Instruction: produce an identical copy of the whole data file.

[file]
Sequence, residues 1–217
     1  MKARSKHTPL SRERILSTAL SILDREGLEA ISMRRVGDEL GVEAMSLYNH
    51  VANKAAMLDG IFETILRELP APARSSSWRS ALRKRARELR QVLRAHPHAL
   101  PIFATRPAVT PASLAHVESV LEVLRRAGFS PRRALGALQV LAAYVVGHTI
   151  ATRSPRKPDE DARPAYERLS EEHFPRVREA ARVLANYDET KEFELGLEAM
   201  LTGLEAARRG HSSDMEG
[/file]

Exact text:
Sequence, residues 1–217
     1  MKARSKHTPL SRERILSTAL SILDREGLEA ISMRRVGDEL GVEAMSLYNH
    51  VANKAAMLDG IFETILRELP APARSSSWRS ALRKRARELR QVLRAHPHAL
   101  PIFATRPAVT PASLAHVESV LEVLRRAGFS PRRALGALQV LAAYVVGHTI
   151  ATRSPRKPDE DARPAYERLS EEHFPRVREA ARVLANYDET KEFELGLEAM
   201  LTGLEAARRG HSSDMEG